The Info List - Great Wyrley

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Great Wyrley
Great Wyrley
/ˈwɜːrli/ is a civil parish and large village in the district of South Staffordshire, England, forming part of the Staffordshire
border with the metropolitan borough of Walsall, West Midlands. It had a population of 11,060 at the 2011 census.[1]


1 History

1.1 Etymology 1.2 Early history 1.3 Post-Industrial Revolution 1.4 The ' Great Wyrley
Great Wyrley

2 Politics 3 Localities 4 Schools 5 Transport 6 Nearest Settlements 7 Notes and references 8 External links

History[edit] Etymology[edit] The word "Wyrley" derives from two Old English
Old English
words: wir and leah. Wir meant "bog myrtle" and leah meant "woodland clearing", suggesting that Great Wyrley
Great Wyrley
began as sparse woodland or marshland. "Great" refers to its dominant size over Little Wyrley.[2] Early history[edit] Great Wyrley
Great Wyrley
is mentioned in the Domesday Book
Domesday Book
under the name of Wereleia, and as early as 1086 is said to have been indirectly owned by the Bishop of Chester St John's as part of the "somewhat scattered holdings" of the Church of Saint Chad
Saint Chad
in Lichfield. Some 480 acres of farming land were, assumingly, evenly distributed between Wyrley and nearby Norton Canes. However, all six dependencies of Saint Chad
Saint Chad
had been labelled as "wasta", which meant they had been abandoned by the time the Domesday Book
Domesday Book
was made.[3][4]

Lord of the Manor

continued for a long period and the current holder of the rights to the feudal title of Great Wyrley
Great Wyrley
Manor is, Anthony Henry Lord Great Wyrley, the freeholder of Great Wyrley
Great Wyrley
and Essington Estates, Red Lane Essington, South Staffordshire, having acquired the title deeds from the Right Honourable Elizabeth Millicent Countess of Sutherland Duke of Sutherland
Duke of Sutherland
in 1989. There is considerable documentation (dating from 1397) relating to this very large manor in terms of land currently in the safekeeping of Staffordshire
libraries. Post-Industrial Revolution[edit] In former times the town was a mining village — The Great Wyrley Colliery
— with metalworking (such as for nails, agricultural implements and horseshoes) in outlying areas. The Wyrley and Essington Canal passes nearby. In 1848 Samuel Lewis included the settlement in his gazetteer and stated it had:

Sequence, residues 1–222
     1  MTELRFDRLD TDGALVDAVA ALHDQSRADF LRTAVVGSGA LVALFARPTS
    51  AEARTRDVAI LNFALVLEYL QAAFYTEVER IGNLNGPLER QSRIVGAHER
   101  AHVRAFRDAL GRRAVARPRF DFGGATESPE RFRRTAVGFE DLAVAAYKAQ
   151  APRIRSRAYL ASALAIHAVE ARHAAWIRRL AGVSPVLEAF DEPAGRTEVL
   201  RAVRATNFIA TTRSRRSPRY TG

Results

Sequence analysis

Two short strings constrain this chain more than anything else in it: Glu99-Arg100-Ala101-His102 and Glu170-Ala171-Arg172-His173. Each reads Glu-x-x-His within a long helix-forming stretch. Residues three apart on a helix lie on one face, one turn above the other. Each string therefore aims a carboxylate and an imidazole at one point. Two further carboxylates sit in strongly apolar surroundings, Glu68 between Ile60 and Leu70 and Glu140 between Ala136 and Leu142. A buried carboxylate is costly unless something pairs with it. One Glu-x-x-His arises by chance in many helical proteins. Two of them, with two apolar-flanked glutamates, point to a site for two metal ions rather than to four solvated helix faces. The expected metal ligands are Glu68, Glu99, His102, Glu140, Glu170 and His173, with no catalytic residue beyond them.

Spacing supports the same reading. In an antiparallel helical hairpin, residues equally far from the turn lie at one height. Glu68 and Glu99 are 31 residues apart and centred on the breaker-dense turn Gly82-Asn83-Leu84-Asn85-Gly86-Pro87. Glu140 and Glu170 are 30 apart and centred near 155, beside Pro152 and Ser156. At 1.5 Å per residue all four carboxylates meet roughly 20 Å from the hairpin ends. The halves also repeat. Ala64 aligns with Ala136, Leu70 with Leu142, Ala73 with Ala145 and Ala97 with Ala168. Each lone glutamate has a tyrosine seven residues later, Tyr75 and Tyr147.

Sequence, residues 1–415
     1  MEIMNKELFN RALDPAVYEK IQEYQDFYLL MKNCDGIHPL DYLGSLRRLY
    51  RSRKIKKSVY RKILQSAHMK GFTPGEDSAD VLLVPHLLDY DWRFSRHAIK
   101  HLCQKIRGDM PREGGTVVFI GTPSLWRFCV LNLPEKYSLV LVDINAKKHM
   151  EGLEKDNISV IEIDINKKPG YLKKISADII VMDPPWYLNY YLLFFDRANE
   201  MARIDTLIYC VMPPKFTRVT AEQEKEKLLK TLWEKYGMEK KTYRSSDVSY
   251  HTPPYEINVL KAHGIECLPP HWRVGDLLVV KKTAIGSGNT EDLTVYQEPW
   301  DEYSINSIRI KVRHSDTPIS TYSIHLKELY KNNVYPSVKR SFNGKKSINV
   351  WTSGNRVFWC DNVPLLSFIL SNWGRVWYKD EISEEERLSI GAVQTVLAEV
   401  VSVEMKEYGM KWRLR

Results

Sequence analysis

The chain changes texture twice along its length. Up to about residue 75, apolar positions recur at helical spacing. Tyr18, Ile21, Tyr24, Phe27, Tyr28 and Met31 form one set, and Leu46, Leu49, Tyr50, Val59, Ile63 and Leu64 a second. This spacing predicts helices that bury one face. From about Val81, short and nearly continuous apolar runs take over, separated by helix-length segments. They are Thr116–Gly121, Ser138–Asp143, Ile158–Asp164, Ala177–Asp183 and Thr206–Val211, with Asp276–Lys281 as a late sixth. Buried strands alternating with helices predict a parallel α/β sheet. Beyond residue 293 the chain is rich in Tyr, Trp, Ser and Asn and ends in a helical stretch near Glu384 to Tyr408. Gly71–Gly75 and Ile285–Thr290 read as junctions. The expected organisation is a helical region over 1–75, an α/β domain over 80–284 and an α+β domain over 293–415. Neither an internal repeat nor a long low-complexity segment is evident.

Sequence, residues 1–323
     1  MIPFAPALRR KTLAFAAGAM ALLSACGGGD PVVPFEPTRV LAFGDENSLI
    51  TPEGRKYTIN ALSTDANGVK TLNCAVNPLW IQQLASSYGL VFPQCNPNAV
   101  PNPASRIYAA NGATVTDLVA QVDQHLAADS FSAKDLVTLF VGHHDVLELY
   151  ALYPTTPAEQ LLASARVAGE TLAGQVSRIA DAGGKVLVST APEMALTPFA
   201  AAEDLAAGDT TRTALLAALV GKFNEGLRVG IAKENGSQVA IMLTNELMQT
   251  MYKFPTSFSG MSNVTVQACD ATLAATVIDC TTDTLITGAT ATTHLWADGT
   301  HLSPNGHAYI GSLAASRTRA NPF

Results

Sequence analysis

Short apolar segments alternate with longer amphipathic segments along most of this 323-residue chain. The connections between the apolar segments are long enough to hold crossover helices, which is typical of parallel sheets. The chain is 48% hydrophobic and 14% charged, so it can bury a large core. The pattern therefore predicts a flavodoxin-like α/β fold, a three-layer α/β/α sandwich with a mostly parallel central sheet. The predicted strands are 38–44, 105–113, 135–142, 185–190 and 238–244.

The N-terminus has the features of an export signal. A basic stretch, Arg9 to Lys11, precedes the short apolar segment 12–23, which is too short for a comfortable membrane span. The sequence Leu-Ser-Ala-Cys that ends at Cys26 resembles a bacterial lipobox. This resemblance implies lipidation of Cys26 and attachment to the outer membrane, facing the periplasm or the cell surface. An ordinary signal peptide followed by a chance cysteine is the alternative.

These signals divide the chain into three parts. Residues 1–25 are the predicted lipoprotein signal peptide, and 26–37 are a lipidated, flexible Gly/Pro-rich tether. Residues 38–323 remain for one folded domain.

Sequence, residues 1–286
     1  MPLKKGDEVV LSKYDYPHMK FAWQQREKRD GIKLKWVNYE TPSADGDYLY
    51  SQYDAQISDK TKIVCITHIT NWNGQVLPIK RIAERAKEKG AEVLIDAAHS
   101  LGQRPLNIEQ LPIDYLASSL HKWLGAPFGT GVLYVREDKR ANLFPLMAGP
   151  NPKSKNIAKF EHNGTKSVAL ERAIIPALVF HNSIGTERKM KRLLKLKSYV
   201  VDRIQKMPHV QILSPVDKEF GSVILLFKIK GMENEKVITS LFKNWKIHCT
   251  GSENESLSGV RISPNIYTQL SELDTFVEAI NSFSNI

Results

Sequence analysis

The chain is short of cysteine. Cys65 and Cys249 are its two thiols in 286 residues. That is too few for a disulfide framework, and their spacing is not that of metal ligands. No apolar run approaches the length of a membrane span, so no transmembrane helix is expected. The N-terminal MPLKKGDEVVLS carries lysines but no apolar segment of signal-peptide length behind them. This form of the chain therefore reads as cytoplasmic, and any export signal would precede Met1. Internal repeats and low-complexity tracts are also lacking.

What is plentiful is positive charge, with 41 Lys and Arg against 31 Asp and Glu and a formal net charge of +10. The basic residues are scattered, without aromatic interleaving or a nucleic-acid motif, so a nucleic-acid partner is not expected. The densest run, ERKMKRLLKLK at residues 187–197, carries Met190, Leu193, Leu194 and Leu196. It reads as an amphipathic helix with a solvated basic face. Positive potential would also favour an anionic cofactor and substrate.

799 inhabitants and 1600 acres, of which the Duke of Sutherland
Duke of Sutherland
owned part; Several collieries[n 1]; The road from Walsall
to Cannock
passing through the village, long, and consisting of detached houses; In 1844, Great Wyrley
Great Wyrley
it formed with Cheslyn Hay
Cheslyn Hay
a new ecclesiastical district, having a population of 1,753; St. Mark's Church, a highly finished structure in the early English style, built 1845, at a cost of £2430, of which sum £1200 was given by the Rev. William Gresley, prebendary of Lichfield; the remainder was raised by subscription, aided by £333 from the Diocesan, and £250 from the Incorporated Society; A perpetual curacy; patrons, the Dean and Chapter of Lichfield; A school, purchased from the Independents (Nonconformists), was opened in 1843 which cross-references the gazetteer entry Cannock.[5]

In 1876 Shapurji Edalji was appointed Vicar of Great Wyrley; he served until his death forty-two years later. A Parsi
convert to Christianity from Bombay, he may well have been the first South Asian to become the incumbent of an English parish. The ' Great Wyrley
Great Wyrley
Outrages'[edit] In 1903, the place was the scene of the " Great Wyrley
Great Wyrley
Outrages", a series of slashings of horses, cows and sheep. In October, a local solicitor and son of the parson, George Edalji,[6] was tried and convicted for the eighth attack, on a pit pony, and sentenced to seven years with hard labour. Edalji’s family had been the victims of a long-running campaign of untraceable abusive letters and anonymous harassment in 1888 and 1892-5. Further letters, in 1903, alleged he was partially responsible for the outrages and caused the police suspicion to focus on him. Edalji was released in 1906 after the Chief Justice in Bahamas
and others had pleaded his case. But he was not pardoned, and the police kept him under surveillance. Sir Arthur Conan Doyle
Arthur Conan Doyle
of Sherlock Holmes fame was persuaded to "turn detective" to prove the man's innocence. This he achieved after eight months of work. Edalji was exonerated by a Home Office
Home Office